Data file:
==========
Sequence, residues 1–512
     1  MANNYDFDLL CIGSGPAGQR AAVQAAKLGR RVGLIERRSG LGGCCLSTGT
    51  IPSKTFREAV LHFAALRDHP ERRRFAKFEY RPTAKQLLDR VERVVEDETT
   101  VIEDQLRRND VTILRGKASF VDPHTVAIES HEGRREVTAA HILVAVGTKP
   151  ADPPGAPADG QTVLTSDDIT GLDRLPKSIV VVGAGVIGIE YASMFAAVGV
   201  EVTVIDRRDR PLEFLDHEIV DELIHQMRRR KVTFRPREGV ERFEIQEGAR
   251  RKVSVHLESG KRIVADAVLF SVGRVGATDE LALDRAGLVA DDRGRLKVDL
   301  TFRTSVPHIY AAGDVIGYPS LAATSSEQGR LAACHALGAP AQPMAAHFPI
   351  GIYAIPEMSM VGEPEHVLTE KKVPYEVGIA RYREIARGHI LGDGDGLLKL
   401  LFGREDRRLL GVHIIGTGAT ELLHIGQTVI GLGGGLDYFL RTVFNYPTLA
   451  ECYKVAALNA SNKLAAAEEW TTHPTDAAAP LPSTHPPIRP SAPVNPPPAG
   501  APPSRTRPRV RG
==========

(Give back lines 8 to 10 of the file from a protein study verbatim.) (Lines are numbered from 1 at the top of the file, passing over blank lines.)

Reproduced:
   301  TFRTSVPHIY AAGDVIGYPS LAATSSEQGR LAACHALGAP AQPMAAHFPI
   351  GIYAIPEMSM VGEPEHVLTE KKVPYEVGIA RYREIARGHI LGDGDGLLKL
   401  LFGREDRRLL GVHIIGTGAT ELLHIGQTVI GLGGGLDYFL RTVFNYPTLA